Some of us think more dimensional than graphically -- meaning we think about solid construction and how a shape might turn "in the round" like a sculpture. There is no inherently better choice when it comes to thinking dimensional versus thinking graphically. If you want to work on a project that calls for one style, and not the other, then one choice become more appropriate for that particular project, but neither is inherently good or bad, right or wrong.
Now, let's look at some less graphic and more dimensional examples:
Also, please don't be confused by how shaded or rendered a shape as it relate to its graphic or dimension qualities. For example, the beautiful Creature Box art often has shading, but is also often very graphic in nature, while drawings by the late, great, Milt Kahl are usually all line with very little shading, but are totally turnable.
I mentioned above that "turning" graphic shapes can be VERY tricky. Well, here are some examples of artists who excel at this ( we will look at their work more in depth in class). These sculptors have made careers out of being able to find the essence and appeal in a graphic design and retain that spirit while turning them and making them more dimensional (look these people up!): Kent Melton, Michael Defeo, Andrea Blasich, Damon Bard, Vicki Saulls, Alena Tottle.
The term proportion describes the relationships of the parts of the character relative to the "whole." This is another common term, most of us already understand, so I wont dwell on it here too much. If however, you are unclear on this, PLEASE let me know in class!
There is a saying in design, the lesser is to the greater, as the greater is to the whole. What this means is, no part of our character designs works in isolation of another part. A change to one part can have a ripple effect that impacts the entire rest of the model. This should ALWAYS be taken into consideration. Too often some comment is tossed out about making the "eyes bigger" or ears flatter etc. without considering how that might impact other elements of the overall design. It's OUR RESPONSIBILITY to consider all the elements and how they balance out. Here are some alterations to the proportions of the creature I'll demo for the class, each throws the character out of balance in a different way:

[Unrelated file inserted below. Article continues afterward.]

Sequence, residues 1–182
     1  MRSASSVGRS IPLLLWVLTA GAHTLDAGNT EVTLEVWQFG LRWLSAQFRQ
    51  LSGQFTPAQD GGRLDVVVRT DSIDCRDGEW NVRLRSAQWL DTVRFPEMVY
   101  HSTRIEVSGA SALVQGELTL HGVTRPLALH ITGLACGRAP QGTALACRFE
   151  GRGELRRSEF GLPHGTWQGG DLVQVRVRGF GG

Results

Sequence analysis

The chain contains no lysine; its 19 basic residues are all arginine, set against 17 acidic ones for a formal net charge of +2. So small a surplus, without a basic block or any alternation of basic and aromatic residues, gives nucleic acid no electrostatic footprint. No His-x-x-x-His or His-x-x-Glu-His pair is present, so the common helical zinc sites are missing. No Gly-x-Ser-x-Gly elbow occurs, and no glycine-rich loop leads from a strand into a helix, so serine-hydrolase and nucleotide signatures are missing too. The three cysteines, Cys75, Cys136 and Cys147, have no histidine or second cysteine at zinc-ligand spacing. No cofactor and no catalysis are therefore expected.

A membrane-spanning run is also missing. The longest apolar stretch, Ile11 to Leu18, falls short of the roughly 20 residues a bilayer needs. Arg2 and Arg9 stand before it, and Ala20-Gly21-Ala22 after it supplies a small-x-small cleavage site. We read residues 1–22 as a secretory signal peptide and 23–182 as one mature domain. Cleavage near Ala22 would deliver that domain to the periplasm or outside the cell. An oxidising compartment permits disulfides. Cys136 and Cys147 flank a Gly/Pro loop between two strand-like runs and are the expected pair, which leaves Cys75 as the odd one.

Choosing how the elements are arranged is a fundamental part of design.
For our purposes we will use the term expression specifically when talking about the character's facial poses. Examining what goes into an expression is one of the most clear ways to describe the emotional state of a character to a viewer. We are all trained to pick up on subtle facial clues that can hint at masked emotions as well. When evaluating an expression for animation, one thing to consider is how much squash and stretch the animation style will require. In nature, our bones are pretty rigid, and only the muscle and fat layers deform, but animators typically squash and stretch even the most rigid of characters.
Here are some AMAZING expression sheets by Glen Keane for Tangled (very dimensional).
And here are a few by Nico Marlet for the Kung Fu Panda films (Very Graphic).
Here are a couple of examples of squash and stretch in the face.
The ability to communicate visually in a manner that is quickly understood by the viewer is what I mean when I say clarity. The attempt to create clarity creates one of the most challenging dichotomies for most character designers. Most of what we have discussed above are tools we will try to use to achieve a sense of clarity. Here is what I mean:
When using clarity as a barometer, you can take seemingly subjective artistic judgement, and make them obviously objective in nature. Let's take a look at what I mean:
Above is an image of similar poses of my creature running. At first glance, it may appear the poses are too similar to warrant thinking about the difference between the two. So, which pose is "better" seems totally subjective.
If we use clarity as the barometer by which we measure the silhouette of the two poses, we can see the top pose is able to be read more quickly.